As well as giving us an insight into the personal lives of some of Ireland’s best known names, certain items in the collection tell the story of the Rising itself. Featured in the collection is an order issued by James Connolly, Commandant-General, Dublin Division, Army of the Irish Republic, to "Officer in Charge [Frank Henderson], Henry Street" informing him to erect barricades in Henry Street and occupy the first and top floors of houses in the street. The order is dated April 25 1916, which would have been the second day of the rebellion.

Order issued by James Connolly, Commandant-General, Dublin Division, Army of the Irish Republic, to "Officer in Charge [Frank Henderson], Henry Street" informing him to erect barricades in Henry Street and occupy the first and top floors of houses in the street. [25th April 1916].

Order issued by James Connolly, Commandant-General, Dublin Division, Army of the Irish Republic, to "Officer in Charge [Frank Henderson], Henry Street" informing him to erect barricades in Henry Street and occupy the first and top floors of houses in the street. [25th April 1916].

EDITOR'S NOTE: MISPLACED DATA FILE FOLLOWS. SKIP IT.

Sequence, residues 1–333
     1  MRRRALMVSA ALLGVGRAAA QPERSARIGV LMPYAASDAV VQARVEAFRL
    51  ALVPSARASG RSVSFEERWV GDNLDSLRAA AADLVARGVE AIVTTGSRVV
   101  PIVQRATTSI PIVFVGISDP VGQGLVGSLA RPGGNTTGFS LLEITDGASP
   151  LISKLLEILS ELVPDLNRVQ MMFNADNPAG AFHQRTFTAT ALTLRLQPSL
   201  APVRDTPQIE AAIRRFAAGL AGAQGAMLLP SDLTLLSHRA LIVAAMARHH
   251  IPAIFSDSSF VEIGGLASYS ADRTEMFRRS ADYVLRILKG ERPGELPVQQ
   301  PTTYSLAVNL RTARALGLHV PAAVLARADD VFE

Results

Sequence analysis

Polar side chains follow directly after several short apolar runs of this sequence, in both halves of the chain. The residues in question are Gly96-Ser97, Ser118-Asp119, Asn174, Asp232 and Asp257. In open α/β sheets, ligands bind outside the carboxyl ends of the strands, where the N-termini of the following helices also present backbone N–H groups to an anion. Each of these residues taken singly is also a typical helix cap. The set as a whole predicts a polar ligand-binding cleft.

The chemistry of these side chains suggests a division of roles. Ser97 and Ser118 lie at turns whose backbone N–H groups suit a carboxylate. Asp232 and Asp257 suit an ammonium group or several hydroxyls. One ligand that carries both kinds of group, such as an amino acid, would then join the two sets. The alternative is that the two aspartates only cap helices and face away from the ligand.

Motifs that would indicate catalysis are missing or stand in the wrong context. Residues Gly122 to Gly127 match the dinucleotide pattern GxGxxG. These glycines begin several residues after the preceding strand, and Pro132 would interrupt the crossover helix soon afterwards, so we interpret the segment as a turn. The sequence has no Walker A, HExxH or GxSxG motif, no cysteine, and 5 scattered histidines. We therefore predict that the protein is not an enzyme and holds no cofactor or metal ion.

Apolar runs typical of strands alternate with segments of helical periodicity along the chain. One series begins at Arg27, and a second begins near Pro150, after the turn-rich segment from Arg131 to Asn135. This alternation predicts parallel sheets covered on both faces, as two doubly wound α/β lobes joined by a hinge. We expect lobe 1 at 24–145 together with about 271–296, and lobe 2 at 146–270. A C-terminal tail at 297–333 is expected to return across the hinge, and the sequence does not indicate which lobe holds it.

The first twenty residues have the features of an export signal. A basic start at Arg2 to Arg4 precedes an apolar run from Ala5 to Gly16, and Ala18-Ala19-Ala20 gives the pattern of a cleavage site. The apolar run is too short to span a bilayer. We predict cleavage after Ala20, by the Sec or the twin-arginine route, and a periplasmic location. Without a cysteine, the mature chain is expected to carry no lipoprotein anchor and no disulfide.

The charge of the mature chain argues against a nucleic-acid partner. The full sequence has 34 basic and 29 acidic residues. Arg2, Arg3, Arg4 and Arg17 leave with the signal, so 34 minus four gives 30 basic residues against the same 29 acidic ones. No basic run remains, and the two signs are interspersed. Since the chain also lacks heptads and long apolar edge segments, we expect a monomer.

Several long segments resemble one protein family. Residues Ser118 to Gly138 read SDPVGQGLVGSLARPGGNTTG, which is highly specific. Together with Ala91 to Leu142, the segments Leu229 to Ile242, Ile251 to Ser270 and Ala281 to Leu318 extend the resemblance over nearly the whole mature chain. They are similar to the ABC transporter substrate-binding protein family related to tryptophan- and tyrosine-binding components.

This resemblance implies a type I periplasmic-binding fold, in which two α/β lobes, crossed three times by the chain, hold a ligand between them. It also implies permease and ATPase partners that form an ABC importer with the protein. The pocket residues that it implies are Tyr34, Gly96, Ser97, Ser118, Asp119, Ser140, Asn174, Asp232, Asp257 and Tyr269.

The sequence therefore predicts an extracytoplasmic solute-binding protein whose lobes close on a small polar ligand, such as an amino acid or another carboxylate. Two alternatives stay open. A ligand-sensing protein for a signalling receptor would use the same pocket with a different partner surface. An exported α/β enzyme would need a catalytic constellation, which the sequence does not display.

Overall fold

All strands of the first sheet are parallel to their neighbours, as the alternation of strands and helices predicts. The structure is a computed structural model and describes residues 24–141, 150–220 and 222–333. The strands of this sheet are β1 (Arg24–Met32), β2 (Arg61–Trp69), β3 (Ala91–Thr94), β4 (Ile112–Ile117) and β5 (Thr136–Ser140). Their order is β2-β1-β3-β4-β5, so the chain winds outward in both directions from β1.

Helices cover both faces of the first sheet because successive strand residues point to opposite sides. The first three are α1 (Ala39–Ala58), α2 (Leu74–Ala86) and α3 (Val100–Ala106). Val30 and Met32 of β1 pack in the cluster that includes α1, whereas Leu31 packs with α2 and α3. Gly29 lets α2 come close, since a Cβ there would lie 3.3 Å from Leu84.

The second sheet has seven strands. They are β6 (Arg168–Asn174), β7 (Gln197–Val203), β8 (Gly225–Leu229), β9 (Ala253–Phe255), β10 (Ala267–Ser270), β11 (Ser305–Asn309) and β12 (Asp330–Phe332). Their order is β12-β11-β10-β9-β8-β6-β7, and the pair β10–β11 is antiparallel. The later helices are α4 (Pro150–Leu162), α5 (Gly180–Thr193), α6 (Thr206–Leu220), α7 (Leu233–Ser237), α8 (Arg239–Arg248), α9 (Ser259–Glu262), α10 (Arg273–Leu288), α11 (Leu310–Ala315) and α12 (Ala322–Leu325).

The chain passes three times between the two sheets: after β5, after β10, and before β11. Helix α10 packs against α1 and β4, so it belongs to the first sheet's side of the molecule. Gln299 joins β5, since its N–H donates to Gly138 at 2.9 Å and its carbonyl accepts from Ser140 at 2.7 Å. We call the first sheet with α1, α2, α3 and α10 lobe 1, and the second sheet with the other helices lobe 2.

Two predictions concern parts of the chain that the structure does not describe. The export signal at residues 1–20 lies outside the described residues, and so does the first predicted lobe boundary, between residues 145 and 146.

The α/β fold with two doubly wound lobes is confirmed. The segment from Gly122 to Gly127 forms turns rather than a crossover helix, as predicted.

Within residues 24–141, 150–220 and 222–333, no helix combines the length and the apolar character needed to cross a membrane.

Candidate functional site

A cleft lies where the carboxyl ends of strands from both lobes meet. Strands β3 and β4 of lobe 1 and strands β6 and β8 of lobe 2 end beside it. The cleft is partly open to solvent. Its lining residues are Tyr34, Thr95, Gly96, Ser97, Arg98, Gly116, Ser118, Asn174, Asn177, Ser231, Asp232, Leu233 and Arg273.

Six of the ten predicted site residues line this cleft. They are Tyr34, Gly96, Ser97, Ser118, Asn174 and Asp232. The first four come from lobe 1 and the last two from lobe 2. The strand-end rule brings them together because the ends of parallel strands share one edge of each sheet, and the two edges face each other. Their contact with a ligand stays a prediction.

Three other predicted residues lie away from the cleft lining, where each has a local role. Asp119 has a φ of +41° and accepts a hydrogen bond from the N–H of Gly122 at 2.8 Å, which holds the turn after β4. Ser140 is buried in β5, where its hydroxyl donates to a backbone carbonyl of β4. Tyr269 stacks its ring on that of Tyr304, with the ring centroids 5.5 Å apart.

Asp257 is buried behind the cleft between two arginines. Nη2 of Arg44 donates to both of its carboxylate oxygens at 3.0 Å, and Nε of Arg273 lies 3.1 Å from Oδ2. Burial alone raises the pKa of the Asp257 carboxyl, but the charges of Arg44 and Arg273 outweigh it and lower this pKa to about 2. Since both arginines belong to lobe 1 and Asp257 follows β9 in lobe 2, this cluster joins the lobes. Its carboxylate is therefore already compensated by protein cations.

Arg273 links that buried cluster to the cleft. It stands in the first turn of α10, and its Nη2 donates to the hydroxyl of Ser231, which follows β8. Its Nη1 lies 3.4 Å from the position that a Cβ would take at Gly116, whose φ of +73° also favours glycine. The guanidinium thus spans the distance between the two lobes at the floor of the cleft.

“We are delighted to continue our contribution to the 1916 commemorations by cataloguing and digitising materials pertaining to Tom Clarke and James Connolly,” said Dr. Sandra Collins, Director of the National Library, on the Connolly and Clarke release..

“These original documents will allow viewers to experience the drama and intensity of the Easter Rising as well as gain insights into the social history of 1916 and personal stories of those involved. These collections remind us of the people behind the history.”

By April, papers relating to all seven of the signatories will be available in the collection with Seán Mac Diarmada and Thomas MacDonagh expected for release in February. Patrick Pearse and Joseph Plunkett will be the last to be made available, in March.

Draft, signed by Patrick Pearse, of the decision by the Republican forces to enter negotiations with the British, written on cardboard picture-mount, and found in 16 Moore St, Dublin. [29th April 1916].

Draft, signed by Patrick Pearse, of the decision by the Republican forces to enter negotiations with the British, written on cardboard picture-mount, and found in 16 Moore St, Dublin. [29th April 1916].